- And it sounded better than any of the Direct to Disc pressings we had on hand, which is exactly what happened when they mastered The Three at 45 RPM from the backup tapes — pretty wild, don’t you think?
- This superb bossa-nova classic finally makes its Hot Stamper debut with Shootout Winning Triple Plus (A+++) sound from first note to last on this original Capitol stereo pressing
- Here is the Tubey Magical richness, size and space that only the best vintage pressings are capable of conveying to the critical listener
- The brilliance of this All Tube Chain recording from Capitol in their heyday makes all the hard work you’ve put into your system pay off
Many, many years ago we reviewed a copy of this album, reproduced here:
This is an East Wind Japanese Direct to Disc LP.
Number 1 in rarity and demand! The sound is stunning! You won’t find many records as transparent as this one, if you can find even one.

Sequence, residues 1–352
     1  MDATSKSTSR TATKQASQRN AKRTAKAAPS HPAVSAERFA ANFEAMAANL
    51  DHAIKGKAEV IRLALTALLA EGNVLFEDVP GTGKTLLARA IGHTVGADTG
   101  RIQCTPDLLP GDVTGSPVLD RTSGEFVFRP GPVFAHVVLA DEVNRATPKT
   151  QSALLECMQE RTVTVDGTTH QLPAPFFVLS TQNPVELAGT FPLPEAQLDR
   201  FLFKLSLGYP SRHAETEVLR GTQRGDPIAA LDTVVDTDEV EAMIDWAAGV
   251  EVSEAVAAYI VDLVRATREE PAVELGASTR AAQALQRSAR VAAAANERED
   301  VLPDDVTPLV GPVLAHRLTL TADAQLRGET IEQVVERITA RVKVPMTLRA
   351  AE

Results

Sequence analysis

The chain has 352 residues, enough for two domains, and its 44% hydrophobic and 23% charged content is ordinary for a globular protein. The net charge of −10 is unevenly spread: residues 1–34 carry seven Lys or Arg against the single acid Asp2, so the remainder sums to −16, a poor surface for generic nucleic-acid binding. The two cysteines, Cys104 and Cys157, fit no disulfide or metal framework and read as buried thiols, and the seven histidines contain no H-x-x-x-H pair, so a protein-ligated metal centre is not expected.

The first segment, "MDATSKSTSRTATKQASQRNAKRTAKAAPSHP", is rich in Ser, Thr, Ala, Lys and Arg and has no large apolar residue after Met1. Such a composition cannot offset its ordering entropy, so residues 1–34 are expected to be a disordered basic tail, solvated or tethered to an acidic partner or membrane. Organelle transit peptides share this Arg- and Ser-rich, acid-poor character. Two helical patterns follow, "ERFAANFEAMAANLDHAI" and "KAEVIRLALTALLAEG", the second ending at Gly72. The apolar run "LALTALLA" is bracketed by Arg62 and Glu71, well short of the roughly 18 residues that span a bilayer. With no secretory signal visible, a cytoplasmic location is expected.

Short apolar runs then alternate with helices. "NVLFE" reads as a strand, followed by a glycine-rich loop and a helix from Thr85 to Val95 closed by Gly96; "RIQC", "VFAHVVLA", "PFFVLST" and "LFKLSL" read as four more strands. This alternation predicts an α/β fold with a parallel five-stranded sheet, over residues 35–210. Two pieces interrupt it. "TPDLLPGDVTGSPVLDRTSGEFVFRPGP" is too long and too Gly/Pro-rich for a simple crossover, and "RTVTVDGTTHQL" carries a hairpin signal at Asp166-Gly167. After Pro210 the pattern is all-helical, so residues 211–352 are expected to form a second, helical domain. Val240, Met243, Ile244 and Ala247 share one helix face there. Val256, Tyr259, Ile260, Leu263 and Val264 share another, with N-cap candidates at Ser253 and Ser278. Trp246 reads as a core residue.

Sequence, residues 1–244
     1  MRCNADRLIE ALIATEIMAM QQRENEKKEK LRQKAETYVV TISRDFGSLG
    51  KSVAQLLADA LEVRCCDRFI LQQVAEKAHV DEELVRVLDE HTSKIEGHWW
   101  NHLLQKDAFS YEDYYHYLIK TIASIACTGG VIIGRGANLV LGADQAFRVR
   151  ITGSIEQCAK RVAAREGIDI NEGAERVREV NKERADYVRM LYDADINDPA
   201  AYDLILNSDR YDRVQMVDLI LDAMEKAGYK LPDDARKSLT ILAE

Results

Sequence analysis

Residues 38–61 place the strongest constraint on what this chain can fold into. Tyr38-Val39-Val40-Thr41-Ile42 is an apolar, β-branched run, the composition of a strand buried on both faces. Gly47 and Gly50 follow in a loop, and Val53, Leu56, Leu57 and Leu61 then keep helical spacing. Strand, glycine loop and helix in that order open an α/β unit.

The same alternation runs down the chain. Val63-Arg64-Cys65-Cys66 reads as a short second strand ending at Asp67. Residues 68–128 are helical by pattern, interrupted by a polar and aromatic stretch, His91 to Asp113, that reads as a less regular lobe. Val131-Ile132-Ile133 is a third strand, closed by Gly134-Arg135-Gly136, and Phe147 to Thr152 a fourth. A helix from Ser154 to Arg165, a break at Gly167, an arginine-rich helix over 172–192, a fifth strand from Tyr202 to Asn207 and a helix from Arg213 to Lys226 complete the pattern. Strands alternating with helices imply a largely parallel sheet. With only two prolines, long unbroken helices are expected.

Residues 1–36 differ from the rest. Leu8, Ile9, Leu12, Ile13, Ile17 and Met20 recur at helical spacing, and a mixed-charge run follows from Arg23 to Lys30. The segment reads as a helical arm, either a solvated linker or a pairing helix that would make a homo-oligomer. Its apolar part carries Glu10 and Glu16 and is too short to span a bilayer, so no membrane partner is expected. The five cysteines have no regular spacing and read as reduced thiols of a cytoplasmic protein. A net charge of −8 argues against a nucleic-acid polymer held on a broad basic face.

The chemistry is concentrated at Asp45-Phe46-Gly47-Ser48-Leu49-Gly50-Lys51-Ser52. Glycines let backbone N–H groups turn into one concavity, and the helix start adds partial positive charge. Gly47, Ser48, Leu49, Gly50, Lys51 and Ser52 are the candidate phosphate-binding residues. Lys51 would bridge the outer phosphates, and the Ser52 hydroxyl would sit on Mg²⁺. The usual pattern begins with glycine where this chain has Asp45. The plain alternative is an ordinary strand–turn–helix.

The band really comes alive on side two.
That’s where the real jazz is. The star of this record is Shelly Manne, who really plays up a storm. Bud Shank is also fairly lively. Some of the LA 4 records can really put you to sleep. Side one of this album has a little bit of that quality, but side two shows how good this band can be.
This copy plays m-. It’s lightly ticky, but that’s not unusual for this record. For whatever reason, the Japanese vinyl on these East Wind direct discs is always a little ticky. Copies quieter than this one are very hard to come by.
- Virtuoso Guitar finally returns to the site with STUNNING Shootout Winning Triple Plus (A+++) sound from first note to last